Inspiration came, as it often does, from Fallon’s lifelong canon, specifically ‘Born in the USA’ and ‘Full Moon Fever’, milestone rock records unafraid to work as mass appeal pop statements. Classic sounds abound throughout ‘Painkillers’, from the ringing Rickenbackers that drive “Among Other Foolish Things” to the shingled backing vocals that give lift and spirit to each of the album’s dozen songs. “A Wonderful Life” is perhaps Fallon’s greatest anthem thus far, a righteous slice of 60s-fueled dance party rock ‘n’ roll brought full stop into the new century.
“It’s got all the bits,” Fallon says, “the riff, the whoa-whoa-whoas, the chorus, the whole thing. It’s simple but we just knew right away that that one was something else.”
Other high spots include “Red Lights” and the intensely orchestrated “Long Drives,” both originally written and demoed by the country rock-inspired Molly & The Zombies but never properly recorded. Walker helped Fallon retrofit the Molly tunes by “straightening out the beat,” bringing them in from the front porch and placing them square on the boardwalk where they belong.
“I didn’t want to make a country record,” Fallon says. “I’m from New Jersey, not Nashville. But I thought those songs were too good to throw away.”
Fallon’s garrulous lyricism – as ever, ribboned with spot on setting, telling character study, and cultural references spanning “Famous Blue Raincoat” to DC post-hardcore heroes Rites of Spring – is more than matched here by his musical ambition, for the first time truly weaving his wide-ranging tastes into a distinctive and dramatic unified whole. Remarkably, ‘Painkillers’ was recorded with but one amp, the very same Tone King Imperial 20th Anniversary Edition Fallon used to record his initial demos.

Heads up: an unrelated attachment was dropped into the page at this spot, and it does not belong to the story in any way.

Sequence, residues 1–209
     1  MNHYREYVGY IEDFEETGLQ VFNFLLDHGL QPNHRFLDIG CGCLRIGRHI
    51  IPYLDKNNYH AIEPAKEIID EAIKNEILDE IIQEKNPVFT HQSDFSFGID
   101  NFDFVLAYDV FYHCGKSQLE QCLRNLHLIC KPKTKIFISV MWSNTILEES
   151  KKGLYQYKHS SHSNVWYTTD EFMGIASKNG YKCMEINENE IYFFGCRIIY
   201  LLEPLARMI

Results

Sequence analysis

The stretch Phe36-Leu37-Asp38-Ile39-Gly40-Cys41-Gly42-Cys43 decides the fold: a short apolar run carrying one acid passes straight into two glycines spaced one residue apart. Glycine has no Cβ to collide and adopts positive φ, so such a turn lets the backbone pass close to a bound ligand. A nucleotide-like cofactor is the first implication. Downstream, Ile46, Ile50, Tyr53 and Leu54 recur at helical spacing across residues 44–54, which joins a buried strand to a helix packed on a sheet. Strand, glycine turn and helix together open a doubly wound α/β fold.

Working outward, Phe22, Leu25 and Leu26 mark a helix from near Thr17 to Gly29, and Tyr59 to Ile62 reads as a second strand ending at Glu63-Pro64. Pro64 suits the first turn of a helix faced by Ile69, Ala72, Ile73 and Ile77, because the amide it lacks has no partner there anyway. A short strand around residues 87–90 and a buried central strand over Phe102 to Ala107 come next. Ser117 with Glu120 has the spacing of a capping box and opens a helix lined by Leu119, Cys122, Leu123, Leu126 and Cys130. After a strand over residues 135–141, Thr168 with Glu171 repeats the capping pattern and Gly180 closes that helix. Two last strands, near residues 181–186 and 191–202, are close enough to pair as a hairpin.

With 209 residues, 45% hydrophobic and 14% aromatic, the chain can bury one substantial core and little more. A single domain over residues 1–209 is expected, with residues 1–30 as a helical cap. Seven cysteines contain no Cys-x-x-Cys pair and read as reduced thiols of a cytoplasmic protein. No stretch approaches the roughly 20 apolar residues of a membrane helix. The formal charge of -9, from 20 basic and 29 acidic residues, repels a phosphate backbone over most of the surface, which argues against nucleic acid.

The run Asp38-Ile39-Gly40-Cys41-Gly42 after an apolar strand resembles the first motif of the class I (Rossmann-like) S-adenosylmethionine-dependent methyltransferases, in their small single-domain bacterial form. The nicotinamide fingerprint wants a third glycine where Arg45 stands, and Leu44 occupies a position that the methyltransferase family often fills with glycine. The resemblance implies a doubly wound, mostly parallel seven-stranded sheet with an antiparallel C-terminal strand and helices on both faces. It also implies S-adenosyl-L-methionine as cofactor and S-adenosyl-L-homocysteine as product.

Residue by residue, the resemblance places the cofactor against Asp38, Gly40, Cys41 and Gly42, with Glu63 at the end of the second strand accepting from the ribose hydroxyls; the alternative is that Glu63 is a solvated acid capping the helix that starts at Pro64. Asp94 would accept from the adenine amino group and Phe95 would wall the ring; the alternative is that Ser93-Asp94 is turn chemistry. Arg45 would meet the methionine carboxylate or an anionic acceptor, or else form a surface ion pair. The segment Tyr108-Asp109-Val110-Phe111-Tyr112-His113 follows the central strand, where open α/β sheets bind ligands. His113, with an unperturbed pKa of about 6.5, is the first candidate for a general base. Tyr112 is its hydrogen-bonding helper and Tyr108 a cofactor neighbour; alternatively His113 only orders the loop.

“This thing does everything,” Fallon says. “Sounds like the Byrds when you plug in the 12-string, it rocks when you plug the Les Paul in, it does country, everything. I showed it to Butch and he was like, alright, cool, we’ll use your amp. He plugs into it, we recorded all the guitars for one song on it, he goes, wow, that amp’s pretty good. Let’s use it tomorrow. And that’s what we did. At the end of the session, Butch said to me, I don’t think I turned on another amp this whole time. It was awesome!”
Fallon – with Tone King Imperial in tow – plans to spend much of 2016 on the road, accompanied by a stellar combo comprised of The Gaslight Anthem guitarist Alex Rosamilia, The Horrible Crowes’ Ian Perkins, and the aforementioned Catherine Popper. With ‘Painkillers’ largely crafted in the studio, transitioning its songs to the stage offers yet another happy challenge.
“You just do it when you’re making a record,” Fallon says. “Then to play it live you kind of have to pull it all apart and put it back together again. So the songs take on a whole new life, which is the benefit of going to see a band live.” The Gaslight Anthem will return, avows Fallon, but for the time being his focus is firmly locked on the present moment. For him, ‘Painkillers’ marks neither an end nor even a beginning – where he’s at now is all that matters. “Pseudo-philosophically,” Brian Fallon says, “you really only have what’s in front of you today. That’s kind of where my head’s at with this. I’m doing this now, I’ve always wanted to do it, let’s see where it goes. And that’s kind of it.”